G4 Running Slow

Discussion in 'PowerPC Macs' started by Javelin Dan, Feb 22, 2012.

  1. Javelin Dan macrumors newbie

    Javelin Dan

    Feb 22, 2012
    Akron, OH. USA
    Hello everyone –

    Raw newbie here with very few skills. I have an old G4 Quicksilver or Graphite model (bought it used – no book) which is nothing more than a test mule for my continuing education. It has a 20.5 Gig hard drive and a 40 gig “Maxtor slave drive” (whatever that is), 506Mb of RAM and I don’t know what the speed of the processor is off-hand but can get that if anyone needs it. This computer came to me with the original OS -9 which ran slow as hell. I’ve since been on a mission to see if I can get it to run faster and yes, I do know more RAM will make it faster but it seems to me 506 Mb should at least allow it to run decently (agree, disagree?). This old Mac is very cantankerous about what it will or won’t boot so I’ll tell you what has worked, or almost worked. I started out installing Ubuntu 10.10 because I had it and it booted. It really didn’t run too badly, just a little on the slow side but faster than OS 9. Trying for more speed, I’ve lately been trying to boot various versions of the Lubuntu 12.04 daily builds. I finally got one that didn’t have a mirror issue that would boot the other day. It was buggy and not ready for prime time, but I was able to take it for a spin. A little faster, but surprisingly, nothing to write home about. I then tried doing a generic Ubuntu 10.10 mini install and applied the Xubuntu desktop. This ran way slower than Ubuntu 10.10. Next, I tried to install Linux Mint 11 via their directions to piggy-back on a Debian mini install and couldn’t get past a bug-a-boo I had on most of my attempts with Lubuntu – the install goes OK till the end when I get a black screen with a cursor I can move with the mouse, but no desktop comes up (the live CD's would boot properly on my wife's G4 eMac however). I next re-installed Ubuntu 10.10 and installed the LXDE desktop looking for more speed, but found none. I also thought about stripping out a bunch of software I’ll never use, but am now wondering if that would be a painstaking waste of time. I’m just about out of bullets and could sure use some advice. Feel free to address any of the issues I’ve raised. Just be gentle with me, I’m no code writer. Thanks!
  2. tom vilsack macrumors 68000

    tom vilsack

    Nov 20, 2010
    ladner cdn
    if your powermac G4 only has 20 gig hd im guessing it's a graphics model and not quicksilver (qs came with 40 gig hd as min)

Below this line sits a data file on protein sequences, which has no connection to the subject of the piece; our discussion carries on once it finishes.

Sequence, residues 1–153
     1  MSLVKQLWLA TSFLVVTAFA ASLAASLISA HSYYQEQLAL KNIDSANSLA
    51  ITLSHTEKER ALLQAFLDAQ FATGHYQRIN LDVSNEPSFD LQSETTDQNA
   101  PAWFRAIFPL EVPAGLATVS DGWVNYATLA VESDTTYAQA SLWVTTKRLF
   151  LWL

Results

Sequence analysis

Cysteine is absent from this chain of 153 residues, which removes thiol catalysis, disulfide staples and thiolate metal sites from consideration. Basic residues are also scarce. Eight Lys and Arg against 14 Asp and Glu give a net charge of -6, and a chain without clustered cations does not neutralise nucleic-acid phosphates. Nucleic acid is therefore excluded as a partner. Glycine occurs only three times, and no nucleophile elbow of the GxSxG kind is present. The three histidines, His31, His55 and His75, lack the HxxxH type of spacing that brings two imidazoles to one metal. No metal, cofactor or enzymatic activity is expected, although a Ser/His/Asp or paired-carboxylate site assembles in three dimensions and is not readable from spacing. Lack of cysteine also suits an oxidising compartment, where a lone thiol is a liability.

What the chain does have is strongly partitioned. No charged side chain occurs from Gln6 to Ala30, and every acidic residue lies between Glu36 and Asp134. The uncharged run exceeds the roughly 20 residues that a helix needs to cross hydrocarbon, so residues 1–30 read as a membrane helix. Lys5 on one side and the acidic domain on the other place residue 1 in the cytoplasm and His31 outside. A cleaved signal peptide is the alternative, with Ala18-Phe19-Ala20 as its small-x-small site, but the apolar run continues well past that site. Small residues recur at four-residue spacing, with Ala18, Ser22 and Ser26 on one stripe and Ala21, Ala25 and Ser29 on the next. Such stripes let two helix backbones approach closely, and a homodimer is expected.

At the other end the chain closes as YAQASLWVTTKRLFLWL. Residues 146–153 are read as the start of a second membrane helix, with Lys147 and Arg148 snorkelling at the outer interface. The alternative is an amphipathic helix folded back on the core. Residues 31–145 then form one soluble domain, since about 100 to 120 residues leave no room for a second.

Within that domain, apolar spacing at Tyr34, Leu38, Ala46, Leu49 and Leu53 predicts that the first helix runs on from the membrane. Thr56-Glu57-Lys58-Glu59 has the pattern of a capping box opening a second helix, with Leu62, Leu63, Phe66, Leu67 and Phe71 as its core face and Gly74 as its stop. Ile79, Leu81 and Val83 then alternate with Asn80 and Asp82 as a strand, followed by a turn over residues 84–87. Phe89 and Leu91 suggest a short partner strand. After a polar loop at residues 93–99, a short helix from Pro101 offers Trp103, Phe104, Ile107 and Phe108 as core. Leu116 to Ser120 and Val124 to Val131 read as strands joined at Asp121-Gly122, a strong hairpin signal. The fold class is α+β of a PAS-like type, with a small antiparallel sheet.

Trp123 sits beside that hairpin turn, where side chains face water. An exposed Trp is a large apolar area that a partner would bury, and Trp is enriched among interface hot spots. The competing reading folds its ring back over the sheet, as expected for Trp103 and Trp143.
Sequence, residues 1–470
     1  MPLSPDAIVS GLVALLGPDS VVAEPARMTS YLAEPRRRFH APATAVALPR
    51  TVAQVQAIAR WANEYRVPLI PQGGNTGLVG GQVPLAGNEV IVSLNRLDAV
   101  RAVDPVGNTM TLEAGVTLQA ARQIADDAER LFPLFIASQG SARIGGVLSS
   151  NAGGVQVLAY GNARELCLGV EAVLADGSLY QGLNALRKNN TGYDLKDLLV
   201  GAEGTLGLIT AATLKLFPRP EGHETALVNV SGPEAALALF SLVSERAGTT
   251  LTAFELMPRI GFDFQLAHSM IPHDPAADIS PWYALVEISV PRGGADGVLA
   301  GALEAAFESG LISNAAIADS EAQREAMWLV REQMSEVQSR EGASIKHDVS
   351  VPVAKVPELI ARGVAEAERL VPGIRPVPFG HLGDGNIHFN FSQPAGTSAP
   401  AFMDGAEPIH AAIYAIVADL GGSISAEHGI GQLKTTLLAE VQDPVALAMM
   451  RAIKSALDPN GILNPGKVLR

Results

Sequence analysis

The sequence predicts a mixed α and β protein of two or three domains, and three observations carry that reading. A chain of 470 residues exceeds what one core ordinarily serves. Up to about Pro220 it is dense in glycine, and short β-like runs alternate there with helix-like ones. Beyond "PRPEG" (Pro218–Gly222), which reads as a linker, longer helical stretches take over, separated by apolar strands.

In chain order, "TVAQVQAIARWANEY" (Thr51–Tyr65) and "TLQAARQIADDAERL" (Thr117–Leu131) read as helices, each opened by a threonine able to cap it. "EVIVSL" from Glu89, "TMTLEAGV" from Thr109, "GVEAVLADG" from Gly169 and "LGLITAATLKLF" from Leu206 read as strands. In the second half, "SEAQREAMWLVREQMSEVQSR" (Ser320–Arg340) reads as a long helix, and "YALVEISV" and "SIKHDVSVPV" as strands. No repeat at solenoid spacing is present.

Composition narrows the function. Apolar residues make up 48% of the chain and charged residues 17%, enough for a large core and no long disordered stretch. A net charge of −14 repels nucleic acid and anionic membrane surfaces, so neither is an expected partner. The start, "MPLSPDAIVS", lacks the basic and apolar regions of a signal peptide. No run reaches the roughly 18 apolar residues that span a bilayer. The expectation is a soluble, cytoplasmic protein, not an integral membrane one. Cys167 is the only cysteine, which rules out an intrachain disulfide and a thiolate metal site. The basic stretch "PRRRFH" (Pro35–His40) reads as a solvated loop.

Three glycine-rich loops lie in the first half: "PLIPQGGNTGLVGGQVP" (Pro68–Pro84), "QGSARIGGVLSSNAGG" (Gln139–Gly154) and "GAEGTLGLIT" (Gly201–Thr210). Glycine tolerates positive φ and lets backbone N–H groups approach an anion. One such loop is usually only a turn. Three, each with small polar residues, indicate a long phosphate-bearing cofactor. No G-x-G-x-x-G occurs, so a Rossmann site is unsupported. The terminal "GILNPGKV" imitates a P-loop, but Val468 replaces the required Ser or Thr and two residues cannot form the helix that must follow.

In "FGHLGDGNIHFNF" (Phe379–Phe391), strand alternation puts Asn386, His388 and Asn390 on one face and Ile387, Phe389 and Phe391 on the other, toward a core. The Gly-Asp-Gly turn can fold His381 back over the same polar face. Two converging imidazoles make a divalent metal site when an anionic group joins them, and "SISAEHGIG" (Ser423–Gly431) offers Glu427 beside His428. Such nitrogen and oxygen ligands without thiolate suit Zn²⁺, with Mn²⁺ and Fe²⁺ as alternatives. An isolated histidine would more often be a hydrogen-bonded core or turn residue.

you found ubuntu faster then os 9? my old qs ran ubuntu way slower then os 9.2.2

    why don't you try running tiger? that way you could also run tenfourfox browser...and in mac os 9.2.2 you could run classilla browser
  3. ThunderSnake macrumors 6502

    Jul 23, 2010
    It's unfortunate terminology, but "master" and "slave" simply refers to the way that the controller identifies each drive when two IDE drives are attached to the same cable.

    Yes, agree. That should be plenty enough RAM for OS9 for most things.

    Weird. There is no reason that I can think of for Lynx to run faster than OS9. Nor is there any reason that I can think of for Xumbutu to run slower than Gnome. OS9, though limited in terms of modern software support, should feel lightning fast on any G4.

    Do you have any MacOS install disks?

    I suppose I should actually ask this: What exactly do you want? Is this about experimenting with Linux or with Macs? It's not that they're mutually exclusive, but I think that Macs are best with Mac OS. I like messing around with various Linux distros too, but I think you'd get more out of a PC if this is more about Linux. A $40 Pentium 4 from Craig's List would be plenty for most things in Lucid Lynx. You'd get a lot more out of it than running the community supported PowerPC version on a G4.

    If not, tell us more about your Mac. Run System Profiler in OS9 and tell us your CPU speed and number of CPUs.
  4. Javelin Dan thread starter macrumors newbie

    Javelin Dan

    Feb 22, 2012
    Akron, OH. USA
    First of all, let me apologize as I only realized after my first post that this is primarily a Mac OS-on Mac-hardware site. I very much appreciate the fact that you didn’t run me off with torches and pitch forks. It’s a credit to your manners and decorum on this forum.

    ThunderSnake asked me several questions, and I guess the best way to answer them is to tell you where my head’s at. Sorry if it looks like a rant…

    We bought our first computer back when a 386 was the hot ticket and Windoze only worked out of DOS. I wouldn’t touch it, so my wife struggled trying to learn and had two of them die on her within about 3 years. We were so disgusted with the Windoze crap, I started checking around and stumbled on a guy who used to set up in an indoor flea market near my house who sold used, reconditioned Mac stuff he bought from school systems. He sold me on how bullet proof it was, so we bought our first Mac from him. I couldn’t tell you the model, but it was “Old World” to be sure – the old beige CPU sat flat on the desk with the 9” color monitor sitting on top. He sold us a matching keyboard, mouse, and even an old HP Deskwriter printer – I think the whole shebang cost $150 (US). It used some old version of OS (I don’t even remember the number), and we only used it for word processing and web surfing with an AOL dial-up. It was only now that I would sit down and begin to teach myself the rudimentary beginnings of using a computer. Everything came as advertised and that system worked flawlessly for as long as we kept it. After a few years, we realized that technology was screaming forward and we were standing still. So one day in 2003, we jumped in the car and drove about 50 miles to a brand new shopping center that had a new Disney-like attraction, an Apple store! We came home with a brand new eMac G4! It was the coolest thing ever! Imagine having absolutely everything in one box – except the keyboard, mouse, printer…well it seemed much more impressive at the time. That eMac still sits proudly on the desk in our home office and is primarily my wife’s computer. First it was new and different, then it was a little dated but different, and now it’s just downright iconic! It still works as well as the day we brought it home, and it will stay where it is till it goes out the door on a gurney.